My family has always been into Christmas lights and creating custom decorations, so when I read this blog post on how to hack GE Color Effects Christmas lights, I knew I needed to try it out myself. I decided to use an XBee Programmable so that I could control the lights wirelessly and try out the new built-in Freescale co-processor.
For this project I'm sending RGBA (Red Green Blue Alpha) values for each LED over a ZigBee network to the FreeScale co-processor built into the XBee Programmable. The code on the co-processor uses a PWM to send the RGB values on a data line to the LEDs in the strand. Each LED on the strand has an 8051 microprocessor in it that decodes the signal and sets the LED color and brightness. Voila, wireless control of 50 tri-color LEDs. The strands themselves support a refresh rate of up to ~24Hz when setting all 50 LEDs (faster if you are setting fewer LEDs). Using a compact over the air representation for the LED values (removing the brightness or ALPHA portion), I can get ~10Hz refresh rates in real time over the wireless network.
Step 1: Assemble the parts
First you need a strand of GE color effects G-35 Christmas lights. I'd suggest trying to find a strand with 50 lights in it, but one of the 36 light strands will also work. If you can find them at Costco, they are usually available for ~$60 as apposed to the full retail price of ~$100.
Next you need to get an XBee Programmable and programmer for the FreeScale co-processor. I suggest checking out Digi's Getting Started for more information. You'll also need a second XBee (series 2) connected to your PC to send data to the programmable XBees. You can download the required software, drivers, and getting started guide here.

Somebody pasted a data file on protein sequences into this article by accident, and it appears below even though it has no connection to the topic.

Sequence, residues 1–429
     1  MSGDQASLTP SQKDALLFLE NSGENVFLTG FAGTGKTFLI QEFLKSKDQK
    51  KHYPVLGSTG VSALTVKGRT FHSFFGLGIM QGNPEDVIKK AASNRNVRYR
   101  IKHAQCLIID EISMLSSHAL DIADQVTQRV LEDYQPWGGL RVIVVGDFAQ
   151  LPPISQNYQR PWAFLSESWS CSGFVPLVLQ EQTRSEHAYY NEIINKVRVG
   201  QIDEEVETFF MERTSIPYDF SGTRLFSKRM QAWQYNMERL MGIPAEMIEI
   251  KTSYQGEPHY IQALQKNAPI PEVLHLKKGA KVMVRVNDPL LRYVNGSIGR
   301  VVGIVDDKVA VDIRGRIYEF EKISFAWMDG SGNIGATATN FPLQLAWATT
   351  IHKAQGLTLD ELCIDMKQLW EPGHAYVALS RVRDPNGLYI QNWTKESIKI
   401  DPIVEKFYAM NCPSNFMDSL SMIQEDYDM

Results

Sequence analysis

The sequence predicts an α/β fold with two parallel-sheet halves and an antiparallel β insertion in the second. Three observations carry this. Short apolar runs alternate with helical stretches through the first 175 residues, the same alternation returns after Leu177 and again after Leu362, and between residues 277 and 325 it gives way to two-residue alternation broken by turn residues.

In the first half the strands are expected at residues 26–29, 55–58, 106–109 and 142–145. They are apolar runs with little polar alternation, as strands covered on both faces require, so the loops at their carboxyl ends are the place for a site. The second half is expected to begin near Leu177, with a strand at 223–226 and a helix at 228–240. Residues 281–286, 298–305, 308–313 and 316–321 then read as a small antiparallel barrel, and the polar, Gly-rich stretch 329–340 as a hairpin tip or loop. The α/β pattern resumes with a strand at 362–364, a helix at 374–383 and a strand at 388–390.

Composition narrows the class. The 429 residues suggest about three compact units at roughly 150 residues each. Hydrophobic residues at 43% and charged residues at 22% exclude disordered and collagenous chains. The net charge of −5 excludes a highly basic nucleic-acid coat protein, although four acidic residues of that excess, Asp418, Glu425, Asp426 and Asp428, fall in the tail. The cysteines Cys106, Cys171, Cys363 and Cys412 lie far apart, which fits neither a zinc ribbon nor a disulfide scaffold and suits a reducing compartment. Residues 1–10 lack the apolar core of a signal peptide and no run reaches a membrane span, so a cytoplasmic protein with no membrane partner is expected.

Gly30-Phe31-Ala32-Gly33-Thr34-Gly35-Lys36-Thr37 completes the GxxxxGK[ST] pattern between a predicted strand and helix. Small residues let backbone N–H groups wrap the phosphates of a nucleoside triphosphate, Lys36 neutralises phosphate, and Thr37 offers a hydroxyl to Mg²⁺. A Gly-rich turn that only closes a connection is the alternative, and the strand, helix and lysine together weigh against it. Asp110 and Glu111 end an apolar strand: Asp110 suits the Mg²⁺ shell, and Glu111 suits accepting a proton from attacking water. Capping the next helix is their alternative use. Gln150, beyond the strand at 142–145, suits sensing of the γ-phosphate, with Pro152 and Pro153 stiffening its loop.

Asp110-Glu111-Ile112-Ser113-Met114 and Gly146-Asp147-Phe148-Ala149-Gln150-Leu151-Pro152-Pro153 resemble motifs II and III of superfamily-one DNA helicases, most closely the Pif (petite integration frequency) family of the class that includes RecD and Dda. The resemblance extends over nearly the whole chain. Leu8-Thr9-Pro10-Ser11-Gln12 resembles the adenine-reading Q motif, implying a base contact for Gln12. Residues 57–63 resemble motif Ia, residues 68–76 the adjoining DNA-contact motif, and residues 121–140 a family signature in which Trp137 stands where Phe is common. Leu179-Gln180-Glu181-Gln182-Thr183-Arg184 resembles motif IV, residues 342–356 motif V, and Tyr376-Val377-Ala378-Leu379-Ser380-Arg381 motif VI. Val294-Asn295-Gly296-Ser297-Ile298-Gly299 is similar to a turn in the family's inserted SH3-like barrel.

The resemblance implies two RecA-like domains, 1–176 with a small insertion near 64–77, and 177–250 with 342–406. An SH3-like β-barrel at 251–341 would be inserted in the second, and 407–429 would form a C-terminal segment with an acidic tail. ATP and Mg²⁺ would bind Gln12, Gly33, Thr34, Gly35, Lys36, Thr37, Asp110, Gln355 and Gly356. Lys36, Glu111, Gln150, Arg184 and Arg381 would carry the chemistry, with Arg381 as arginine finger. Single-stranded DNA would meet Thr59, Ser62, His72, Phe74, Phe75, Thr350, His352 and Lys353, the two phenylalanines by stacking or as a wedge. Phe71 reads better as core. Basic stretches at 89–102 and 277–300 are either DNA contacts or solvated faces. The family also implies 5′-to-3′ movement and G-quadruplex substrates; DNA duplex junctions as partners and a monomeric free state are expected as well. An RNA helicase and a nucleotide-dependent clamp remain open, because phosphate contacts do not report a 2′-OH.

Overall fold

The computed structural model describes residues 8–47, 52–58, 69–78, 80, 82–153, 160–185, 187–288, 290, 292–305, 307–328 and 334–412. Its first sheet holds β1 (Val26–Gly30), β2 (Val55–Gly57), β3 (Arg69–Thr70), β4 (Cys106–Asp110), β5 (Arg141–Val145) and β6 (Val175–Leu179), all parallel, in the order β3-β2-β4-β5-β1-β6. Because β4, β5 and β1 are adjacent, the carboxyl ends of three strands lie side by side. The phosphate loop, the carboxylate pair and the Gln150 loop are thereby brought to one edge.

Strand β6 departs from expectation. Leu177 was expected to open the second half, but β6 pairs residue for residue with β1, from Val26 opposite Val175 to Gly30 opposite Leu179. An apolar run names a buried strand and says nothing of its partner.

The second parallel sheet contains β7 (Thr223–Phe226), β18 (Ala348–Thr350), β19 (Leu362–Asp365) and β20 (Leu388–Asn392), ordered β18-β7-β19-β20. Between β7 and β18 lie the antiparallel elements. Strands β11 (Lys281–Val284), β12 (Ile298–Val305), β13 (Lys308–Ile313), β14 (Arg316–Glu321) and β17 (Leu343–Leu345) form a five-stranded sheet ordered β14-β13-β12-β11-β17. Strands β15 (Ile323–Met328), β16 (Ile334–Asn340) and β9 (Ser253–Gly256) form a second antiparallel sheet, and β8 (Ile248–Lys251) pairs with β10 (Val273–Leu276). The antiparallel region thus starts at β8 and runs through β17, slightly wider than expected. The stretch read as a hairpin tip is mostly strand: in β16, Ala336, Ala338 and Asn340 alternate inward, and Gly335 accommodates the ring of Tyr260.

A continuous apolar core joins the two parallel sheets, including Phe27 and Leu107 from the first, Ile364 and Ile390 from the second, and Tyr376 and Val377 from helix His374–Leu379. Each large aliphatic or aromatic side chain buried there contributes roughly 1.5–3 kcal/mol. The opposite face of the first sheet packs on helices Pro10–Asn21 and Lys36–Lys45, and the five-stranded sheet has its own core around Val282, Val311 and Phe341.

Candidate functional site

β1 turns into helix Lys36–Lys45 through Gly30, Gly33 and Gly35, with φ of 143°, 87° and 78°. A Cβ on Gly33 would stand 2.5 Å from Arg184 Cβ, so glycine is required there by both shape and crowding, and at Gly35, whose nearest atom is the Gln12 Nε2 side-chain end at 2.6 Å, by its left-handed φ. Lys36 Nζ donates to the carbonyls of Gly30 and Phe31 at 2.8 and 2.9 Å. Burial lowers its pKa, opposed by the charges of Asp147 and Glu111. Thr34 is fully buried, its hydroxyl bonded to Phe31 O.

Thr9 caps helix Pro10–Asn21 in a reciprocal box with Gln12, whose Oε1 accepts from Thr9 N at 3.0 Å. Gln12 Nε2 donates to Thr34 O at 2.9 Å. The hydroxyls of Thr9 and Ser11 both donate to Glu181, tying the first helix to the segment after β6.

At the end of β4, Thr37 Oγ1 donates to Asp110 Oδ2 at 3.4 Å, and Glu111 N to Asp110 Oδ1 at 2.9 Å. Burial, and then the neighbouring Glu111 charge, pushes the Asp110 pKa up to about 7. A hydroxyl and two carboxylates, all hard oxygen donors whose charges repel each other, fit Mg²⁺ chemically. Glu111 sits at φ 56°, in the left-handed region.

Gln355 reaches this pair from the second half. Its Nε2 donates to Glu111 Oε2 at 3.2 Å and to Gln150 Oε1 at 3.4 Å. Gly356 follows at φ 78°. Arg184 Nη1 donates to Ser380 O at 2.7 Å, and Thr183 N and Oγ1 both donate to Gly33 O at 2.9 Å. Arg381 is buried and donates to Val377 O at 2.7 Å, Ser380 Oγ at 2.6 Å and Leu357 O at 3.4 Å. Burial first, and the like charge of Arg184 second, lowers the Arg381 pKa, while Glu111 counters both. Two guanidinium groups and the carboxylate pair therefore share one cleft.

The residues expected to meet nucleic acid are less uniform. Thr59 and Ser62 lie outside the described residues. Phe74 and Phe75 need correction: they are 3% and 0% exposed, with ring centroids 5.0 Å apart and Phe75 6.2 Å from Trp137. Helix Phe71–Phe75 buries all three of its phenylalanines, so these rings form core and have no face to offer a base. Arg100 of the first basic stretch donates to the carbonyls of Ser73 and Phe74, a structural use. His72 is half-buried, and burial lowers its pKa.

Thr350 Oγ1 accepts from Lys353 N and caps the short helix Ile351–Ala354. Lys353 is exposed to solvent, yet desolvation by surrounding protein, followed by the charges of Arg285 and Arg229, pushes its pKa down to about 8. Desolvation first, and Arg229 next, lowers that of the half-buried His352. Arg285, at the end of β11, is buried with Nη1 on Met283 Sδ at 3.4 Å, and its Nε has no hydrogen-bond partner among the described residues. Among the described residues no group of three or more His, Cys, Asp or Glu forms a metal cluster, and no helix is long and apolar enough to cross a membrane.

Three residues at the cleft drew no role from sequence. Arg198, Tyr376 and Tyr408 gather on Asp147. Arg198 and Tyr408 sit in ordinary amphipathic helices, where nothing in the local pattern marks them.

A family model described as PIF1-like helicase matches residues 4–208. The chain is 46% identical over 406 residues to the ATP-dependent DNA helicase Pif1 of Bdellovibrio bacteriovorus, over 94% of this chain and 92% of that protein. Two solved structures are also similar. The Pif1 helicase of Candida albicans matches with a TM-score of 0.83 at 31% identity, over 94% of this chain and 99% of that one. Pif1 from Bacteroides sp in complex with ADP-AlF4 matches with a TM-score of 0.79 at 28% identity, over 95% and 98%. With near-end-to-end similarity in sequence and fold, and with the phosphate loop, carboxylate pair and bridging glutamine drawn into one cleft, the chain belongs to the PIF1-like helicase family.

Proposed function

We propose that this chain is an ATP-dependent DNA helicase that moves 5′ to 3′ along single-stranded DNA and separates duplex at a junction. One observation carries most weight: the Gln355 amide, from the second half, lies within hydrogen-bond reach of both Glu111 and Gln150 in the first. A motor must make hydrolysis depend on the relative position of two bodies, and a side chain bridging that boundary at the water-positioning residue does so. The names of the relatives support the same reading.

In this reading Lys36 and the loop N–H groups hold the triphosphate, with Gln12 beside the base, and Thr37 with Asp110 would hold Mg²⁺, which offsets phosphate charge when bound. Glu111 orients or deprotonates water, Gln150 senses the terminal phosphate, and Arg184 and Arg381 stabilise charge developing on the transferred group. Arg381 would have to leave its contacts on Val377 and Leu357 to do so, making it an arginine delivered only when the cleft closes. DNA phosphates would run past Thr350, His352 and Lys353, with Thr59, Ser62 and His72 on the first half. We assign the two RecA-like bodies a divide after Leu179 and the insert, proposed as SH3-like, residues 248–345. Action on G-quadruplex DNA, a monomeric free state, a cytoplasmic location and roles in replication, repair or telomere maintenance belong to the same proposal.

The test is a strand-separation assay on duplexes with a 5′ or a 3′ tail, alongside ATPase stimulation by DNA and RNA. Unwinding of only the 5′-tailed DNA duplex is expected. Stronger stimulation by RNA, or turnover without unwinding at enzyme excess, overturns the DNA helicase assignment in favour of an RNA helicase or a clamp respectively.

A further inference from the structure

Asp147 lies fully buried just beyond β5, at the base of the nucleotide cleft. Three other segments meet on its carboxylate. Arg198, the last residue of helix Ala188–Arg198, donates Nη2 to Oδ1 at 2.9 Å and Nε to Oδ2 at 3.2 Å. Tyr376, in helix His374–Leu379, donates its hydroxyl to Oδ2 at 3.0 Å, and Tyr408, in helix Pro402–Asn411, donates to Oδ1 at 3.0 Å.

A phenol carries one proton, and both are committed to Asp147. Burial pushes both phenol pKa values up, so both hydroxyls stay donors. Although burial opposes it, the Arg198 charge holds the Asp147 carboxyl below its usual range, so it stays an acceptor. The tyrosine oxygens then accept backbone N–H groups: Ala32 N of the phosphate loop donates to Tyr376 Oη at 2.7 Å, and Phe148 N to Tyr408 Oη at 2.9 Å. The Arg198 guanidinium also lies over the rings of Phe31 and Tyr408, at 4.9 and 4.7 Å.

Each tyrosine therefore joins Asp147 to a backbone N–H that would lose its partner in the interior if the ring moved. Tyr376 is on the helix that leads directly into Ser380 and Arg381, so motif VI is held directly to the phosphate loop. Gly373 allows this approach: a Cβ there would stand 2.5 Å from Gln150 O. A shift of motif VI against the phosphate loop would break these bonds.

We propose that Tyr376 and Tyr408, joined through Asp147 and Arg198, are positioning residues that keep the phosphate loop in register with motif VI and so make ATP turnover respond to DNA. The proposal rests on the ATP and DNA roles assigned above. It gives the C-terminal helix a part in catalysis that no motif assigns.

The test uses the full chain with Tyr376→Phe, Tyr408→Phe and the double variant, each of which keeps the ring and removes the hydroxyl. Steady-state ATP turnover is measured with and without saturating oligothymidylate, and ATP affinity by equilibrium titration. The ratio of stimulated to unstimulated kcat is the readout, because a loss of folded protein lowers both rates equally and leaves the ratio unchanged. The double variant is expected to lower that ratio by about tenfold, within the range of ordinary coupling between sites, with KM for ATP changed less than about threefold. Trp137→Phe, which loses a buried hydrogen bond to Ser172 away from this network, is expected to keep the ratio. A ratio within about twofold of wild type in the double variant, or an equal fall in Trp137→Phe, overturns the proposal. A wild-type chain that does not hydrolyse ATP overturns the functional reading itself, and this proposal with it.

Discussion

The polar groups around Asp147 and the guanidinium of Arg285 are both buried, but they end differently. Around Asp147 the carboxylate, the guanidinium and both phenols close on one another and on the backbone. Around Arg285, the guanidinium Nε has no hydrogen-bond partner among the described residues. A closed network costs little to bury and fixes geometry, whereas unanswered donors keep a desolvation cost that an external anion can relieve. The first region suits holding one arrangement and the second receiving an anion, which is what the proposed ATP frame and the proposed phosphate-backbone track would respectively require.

The example computer programs are written in Python. You'll need to download Python 2.7 and then install pySerial. All of my code and the XBee profiles are located on GitHub at: https://github.com/mrsutherland/lightshow.
You may need a 1kOhm resistor and 10pF ceramic capacitor to reduce noise on the data line for the Christmas lights. It doesn't appear to always be necessary, but I've had some issues without them.
Finally, you'll need some misc components to wire everything up without using the XBIB board:
* 1 small prototyping board or breadboard
* 1 XBee breakout board from Sparkfun.
* 1 LN1117T - 3.3V linear regulator to provide 3.3V to the XBee from the 5V off the Christmas lights
* 2 10uF radial caps - for the linear regulator
* 1 LED - association LED isn't strictly necessary, but very useful.
* 1 1kOhm resistor for the LED
* optional enclosure